- Colin’s lyrical account of cruising the Caribbean and Bahamas.
- Transatlantic On “Pèlerin”, Africa, a trans-Atlantic, and Brazil.
What do you do to keep safe from the earth’s most dangerous predator? Please leave a comment.
I quite enjoyed your article and it is a good reminder to not be complaisant in this area. It is one thing to have something you care about stolen: quite another to face injury or worse.
In the Carib and on north, the SSB nets (at least as of 10+ years ago) could be a source of excellent warnings, especially when there are multiple events reported. The net was sometimes disparagingly called the “gloom and doom” net, but, if taken with some common sense, certainly served a function. Less timely, but also a source, is publications such as the bulletins from The Seven Seas Cruising Association.
When talking with neighbors in anchorages, I would often say that, if an alert was necessary for any trouble, to do a short horn 3 times and I would likely hear and know something was up and turn on ch16. I usually meant this only for an anchor dragging, but sometimes for security. Sometimes ch16 was left on all night.
Although it was talked about: in our years in the Bahamas, Carib and Central America, we never felt the need to lock ourselves into the boat at night. Nor would I have hesitated, for security reasons, to sleep in the cockpit in any anchorage I can remember. This was 10+ years ago now, but I would be upset to think that security concerns have escalated that much.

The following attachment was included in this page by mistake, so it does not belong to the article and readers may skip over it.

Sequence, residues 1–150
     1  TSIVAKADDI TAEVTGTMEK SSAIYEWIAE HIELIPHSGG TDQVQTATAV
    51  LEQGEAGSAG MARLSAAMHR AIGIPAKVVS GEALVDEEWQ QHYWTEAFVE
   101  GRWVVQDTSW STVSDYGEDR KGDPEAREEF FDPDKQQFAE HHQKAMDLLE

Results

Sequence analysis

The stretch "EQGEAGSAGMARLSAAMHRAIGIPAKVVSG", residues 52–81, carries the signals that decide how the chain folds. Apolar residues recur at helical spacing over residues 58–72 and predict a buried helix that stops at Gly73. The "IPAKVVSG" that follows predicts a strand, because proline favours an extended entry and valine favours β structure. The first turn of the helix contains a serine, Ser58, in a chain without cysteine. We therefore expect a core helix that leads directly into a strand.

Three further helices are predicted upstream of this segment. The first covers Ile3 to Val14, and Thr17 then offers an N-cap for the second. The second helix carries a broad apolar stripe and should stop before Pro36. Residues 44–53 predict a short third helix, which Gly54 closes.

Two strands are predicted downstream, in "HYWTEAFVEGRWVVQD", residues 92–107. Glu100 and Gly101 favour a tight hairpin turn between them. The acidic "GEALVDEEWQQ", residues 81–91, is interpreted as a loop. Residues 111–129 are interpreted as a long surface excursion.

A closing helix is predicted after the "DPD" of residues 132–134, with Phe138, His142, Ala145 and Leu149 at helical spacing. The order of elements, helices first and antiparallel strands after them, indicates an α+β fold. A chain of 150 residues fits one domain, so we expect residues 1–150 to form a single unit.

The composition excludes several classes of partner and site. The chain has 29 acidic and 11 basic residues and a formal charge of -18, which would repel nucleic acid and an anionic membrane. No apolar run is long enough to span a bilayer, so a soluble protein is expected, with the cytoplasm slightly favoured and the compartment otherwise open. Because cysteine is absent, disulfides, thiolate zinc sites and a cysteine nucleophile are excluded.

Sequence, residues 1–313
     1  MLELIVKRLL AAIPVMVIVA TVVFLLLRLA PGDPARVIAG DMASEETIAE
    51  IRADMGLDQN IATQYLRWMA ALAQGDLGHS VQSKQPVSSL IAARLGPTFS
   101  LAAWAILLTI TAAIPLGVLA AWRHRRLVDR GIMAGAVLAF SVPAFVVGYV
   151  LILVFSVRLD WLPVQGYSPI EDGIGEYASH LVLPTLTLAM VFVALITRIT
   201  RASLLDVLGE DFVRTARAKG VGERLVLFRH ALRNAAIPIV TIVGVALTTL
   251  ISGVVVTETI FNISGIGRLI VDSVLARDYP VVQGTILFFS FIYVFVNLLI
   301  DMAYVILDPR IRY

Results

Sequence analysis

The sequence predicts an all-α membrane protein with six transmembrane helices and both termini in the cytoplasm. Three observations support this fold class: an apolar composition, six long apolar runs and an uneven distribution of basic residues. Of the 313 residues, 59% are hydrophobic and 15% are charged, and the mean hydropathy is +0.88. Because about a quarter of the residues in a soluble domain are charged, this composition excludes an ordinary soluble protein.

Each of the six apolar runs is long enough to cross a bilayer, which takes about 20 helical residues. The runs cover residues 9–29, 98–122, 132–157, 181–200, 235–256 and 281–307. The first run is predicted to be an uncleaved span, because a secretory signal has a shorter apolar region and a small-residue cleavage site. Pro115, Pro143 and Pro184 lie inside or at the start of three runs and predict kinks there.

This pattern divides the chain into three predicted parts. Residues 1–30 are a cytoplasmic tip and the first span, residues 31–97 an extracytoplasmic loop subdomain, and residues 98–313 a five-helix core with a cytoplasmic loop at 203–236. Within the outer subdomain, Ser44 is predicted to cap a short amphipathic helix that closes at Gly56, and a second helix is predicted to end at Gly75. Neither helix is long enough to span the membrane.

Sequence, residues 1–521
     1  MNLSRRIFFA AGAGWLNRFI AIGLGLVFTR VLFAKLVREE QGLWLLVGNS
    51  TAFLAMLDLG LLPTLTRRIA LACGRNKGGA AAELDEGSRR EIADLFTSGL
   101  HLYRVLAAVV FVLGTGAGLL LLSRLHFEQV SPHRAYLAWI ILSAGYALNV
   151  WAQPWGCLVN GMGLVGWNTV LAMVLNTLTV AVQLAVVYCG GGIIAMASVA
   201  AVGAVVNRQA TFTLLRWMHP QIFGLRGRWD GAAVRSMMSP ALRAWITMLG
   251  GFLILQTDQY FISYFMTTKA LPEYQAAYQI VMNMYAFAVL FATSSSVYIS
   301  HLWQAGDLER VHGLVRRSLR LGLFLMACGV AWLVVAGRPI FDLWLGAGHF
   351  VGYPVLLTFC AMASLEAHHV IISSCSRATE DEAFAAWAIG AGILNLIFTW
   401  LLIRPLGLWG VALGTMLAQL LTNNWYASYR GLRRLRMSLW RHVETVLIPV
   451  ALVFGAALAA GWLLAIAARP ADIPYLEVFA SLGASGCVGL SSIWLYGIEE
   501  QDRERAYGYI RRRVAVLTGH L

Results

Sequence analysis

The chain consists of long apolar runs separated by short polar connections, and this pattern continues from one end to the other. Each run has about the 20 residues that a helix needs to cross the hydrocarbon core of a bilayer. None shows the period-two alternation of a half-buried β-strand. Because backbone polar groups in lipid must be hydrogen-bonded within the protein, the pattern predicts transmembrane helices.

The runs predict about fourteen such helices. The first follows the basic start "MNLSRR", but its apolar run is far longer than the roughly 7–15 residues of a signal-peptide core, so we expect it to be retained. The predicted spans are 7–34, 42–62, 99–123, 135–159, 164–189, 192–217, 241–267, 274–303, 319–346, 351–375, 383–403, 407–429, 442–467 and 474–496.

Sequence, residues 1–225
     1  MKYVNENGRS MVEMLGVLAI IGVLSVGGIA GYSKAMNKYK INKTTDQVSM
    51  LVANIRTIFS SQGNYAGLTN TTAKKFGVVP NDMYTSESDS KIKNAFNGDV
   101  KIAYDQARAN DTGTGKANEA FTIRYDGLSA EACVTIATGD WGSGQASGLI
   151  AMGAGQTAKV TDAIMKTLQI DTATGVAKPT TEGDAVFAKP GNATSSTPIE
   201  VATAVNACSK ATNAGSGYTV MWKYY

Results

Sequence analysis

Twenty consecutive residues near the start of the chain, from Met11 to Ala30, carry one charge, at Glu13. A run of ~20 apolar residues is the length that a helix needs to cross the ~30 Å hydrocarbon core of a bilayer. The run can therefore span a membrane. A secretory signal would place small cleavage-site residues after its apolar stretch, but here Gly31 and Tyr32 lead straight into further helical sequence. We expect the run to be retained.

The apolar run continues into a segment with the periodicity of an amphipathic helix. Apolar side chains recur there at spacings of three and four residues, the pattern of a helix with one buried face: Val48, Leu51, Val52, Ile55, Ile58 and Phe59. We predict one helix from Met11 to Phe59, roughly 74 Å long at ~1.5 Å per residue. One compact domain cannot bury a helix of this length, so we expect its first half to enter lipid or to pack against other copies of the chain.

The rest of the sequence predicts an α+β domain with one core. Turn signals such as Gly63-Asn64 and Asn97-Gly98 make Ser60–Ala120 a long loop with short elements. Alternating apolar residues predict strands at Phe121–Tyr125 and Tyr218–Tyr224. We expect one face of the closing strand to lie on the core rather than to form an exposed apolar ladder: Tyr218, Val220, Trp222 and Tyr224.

Our stays in marinas were seldom, but it was my take that one had far more worry about theft and pilfering from other cruisers than from locals, even though “the locals” often got accused in general dockside talk. This continues to be my take wherever we are in marinas. I remove snatch blocks etc. from any easy access.
In general, we operate with a “lock it or lose it” headset. It is always a pleasure to be in areas where dinghies and dinghy engines are not a (likely) target as they are so hard to secure (and so important to the cruising life). For dinghy engines, we spray paint the cover (dayglow is not too aggressive to my mind) and generally make it less attractive for stealing. Thieves want something to sell. We also paint the shaft as some parts of the world cover their outboards with T-shirts making finding them after theft more difficult. If the shaft is white, it stands out making it less attractive. This also makes identification easier in the unlikely event of one actually finding a stolen outboard.
As for companionway wash boards, any stainless steel fabricator could make an attractive slide-in (frame with bars the same size as the wash boards) that can allow air while precluding entry (either when away from the boat or asleep inside) far less expensive than the Swi-tec product and be far easier to use (at least from what I could see from the web site).
Thanks again for the article.
My best, Dick Stevenson, s/v Alchemy, Galway, Ireland
all good thoughts on a complex subject, so thank you for them.
I have no previous visits to call upon to know whether things have actually deteriorated in all areas, but the anecdotal reports seem to report a steady ‘bottom upwards’ increase in crime, starting out with petty theft – and to me, that’s a slippery slope.
Ultimately we must all make our own decisions concerning security and that’s how it should be. My observations and indeed your own bear this out.
The measures we intend to take ourselves will be commensurate with the scale of the problem that we perceive based on honest research, wherever we go. There are still places we hope to visit that wouldn’t be on most peoples bucket list…
Now there is ,
Coconut Telegraph , and the best is, Caribbean Safety and Security Net – CSSN
al on Facebook.
Thanks Geir – useful stuff that can be used with other inputs to ensure you’re well informed.